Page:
Fascinating plants from the whole world

Almost 9 000 species of plants are grown in the Linnaean Gardens. Here we have collected information about some of them.

Santa Cruz waterlily, Victoria cruziana

One of the most spectacular plants in the Botanical Garden is the giant waterlily. Summer time the leafs, lying flat on the water’s surface, may reach a diameter of two meter or more. The large, attractive flowers can only be seen at night in July-September. They are creamy-white on opening and become light pink on the second night. 

Read more about Santa Cruz waterlily (in Swedish).

The Linnaeus Bay Trees

Some of the oldest plants in the Botanical Garden are four bay (laurel) trees which Linnaeus ordered from Holland during the 18th century. In the past, all the leaves and twigs used in the laurel wreaths given to those who were awarded doctorates by Uppsala University were cut from Linnaeus’ bay trees.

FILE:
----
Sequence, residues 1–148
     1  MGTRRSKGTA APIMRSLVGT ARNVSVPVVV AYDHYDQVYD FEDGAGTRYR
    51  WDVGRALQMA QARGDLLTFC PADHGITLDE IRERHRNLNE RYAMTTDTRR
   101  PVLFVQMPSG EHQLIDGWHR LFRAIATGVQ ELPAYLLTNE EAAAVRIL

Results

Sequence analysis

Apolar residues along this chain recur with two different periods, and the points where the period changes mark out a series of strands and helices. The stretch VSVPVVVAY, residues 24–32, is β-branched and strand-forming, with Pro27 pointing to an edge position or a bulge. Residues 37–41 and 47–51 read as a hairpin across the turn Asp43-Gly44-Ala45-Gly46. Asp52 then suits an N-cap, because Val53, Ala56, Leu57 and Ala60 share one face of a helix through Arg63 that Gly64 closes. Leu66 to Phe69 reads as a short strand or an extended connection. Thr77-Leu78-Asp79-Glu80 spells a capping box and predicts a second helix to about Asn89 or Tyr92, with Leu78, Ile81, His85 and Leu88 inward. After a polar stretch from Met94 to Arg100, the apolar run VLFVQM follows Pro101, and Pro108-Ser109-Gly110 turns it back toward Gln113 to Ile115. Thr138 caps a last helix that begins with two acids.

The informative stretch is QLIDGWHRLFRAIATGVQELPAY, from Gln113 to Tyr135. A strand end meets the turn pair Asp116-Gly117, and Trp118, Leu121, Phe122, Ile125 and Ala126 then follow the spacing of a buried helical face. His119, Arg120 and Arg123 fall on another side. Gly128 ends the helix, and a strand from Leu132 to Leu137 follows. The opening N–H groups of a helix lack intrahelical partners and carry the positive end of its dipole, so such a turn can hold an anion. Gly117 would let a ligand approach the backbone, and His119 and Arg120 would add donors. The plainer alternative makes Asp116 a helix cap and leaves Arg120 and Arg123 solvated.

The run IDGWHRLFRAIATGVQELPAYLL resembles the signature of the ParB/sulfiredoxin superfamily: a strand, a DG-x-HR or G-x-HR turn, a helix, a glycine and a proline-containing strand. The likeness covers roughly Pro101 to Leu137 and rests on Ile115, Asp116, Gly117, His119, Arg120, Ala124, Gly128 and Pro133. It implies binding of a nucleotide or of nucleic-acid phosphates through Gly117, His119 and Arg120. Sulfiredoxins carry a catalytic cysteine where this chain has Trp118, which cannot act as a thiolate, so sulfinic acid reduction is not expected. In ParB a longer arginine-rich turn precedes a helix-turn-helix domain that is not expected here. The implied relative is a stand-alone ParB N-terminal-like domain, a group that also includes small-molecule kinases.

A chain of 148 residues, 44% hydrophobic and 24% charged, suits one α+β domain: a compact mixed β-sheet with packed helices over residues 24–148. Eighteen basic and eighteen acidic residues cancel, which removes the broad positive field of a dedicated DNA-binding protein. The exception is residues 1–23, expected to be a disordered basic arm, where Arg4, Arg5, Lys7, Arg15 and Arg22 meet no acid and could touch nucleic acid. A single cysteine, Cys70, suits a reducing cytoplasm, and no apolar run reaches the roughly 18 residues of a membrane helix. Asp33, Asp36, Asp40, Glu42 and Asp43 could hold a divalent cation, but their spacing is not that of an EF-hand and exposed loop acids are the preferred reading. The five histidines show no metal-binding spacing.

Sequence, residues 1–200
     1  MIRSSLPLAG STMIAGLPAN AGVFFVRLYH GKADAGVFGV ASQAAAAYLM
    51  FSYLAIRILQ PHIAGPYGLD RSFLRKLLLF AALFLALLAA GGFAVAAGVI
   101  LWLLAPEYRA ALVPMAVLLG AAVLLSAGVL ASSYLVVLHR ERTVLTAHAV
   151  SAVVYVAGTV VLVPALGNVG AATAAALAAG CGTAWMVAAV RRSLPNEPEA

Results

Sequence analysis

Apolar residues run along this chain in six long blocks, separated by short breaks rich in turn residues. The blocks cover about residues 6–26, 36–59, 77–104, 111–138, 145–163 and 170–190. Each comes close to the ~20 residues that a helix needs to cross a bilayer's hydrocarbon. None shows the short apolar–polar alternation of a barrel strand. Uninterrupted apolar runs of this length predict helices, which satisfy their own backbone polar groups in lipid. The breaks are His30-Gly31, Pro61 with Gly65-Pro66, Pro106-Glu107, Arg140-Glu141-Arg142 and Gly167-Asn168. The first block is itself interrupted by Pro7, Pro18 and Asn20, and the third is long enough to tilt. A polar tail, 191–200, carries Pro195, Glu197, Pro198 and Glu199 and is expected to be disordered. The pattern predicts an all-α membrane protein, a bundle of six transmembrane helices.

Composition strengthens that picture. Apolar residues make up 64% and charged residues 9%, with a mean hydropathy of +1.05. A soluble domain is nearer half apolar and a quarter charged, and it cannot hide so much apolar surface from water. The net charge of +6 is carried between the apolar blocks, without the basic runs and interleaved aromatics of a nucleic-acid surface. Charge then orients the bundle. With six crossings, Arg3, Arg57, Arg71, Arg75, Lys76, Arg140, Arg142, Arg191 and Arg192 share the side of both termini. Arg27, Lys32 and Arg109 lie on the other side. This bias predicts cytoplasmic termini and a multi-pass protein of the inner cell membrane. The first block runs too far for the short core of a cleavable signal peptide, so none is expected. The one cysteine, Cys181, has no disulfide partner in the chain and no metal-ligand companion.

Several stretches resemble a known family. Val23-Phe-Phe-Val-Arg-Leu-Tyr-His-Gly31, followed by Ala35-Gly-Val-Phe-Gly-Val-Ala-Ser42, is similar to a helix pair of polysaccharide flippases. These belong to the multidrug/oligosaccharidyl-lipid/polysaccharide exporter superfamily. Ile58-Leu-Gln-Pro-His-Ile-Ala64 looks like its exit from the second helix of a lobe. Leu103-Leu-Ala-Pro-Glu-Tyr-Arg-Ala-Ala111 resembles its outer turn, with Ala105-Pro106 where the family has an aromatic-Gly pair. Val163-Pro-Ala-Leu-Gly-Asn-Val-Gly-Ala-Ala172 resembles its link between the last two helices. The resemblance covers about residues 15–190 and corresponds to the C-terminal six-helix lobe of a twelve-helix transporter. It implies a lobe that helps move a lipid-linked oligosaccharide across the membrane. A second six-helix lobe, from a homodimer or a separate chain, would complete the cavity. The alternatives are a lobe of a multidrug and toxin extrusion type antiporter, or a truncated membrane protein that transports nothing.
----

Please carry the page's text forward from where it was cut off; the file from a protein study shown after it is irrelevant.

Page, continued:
Read more about Linnaeus' bay trees (in Swedish).

A Spruce with a famous genome

A spruce tree has a genome seven times bigger than that of a human being. The Botanic Garden is home to one of the spruce trees used for mapping the spruce genome.

Read more about the spruce genome (in Swedish).

Aloe from the Horn of Africa

In the mid 1980s, Mats Thulin from the Department of Systematic Biology collected seeds of an aloe during an expedition to Somalia. The next year the seeds were sown in the Botanical Garden. Twenty five years later it flowered for the first time and proved to be a species new to science.

Read more about the new species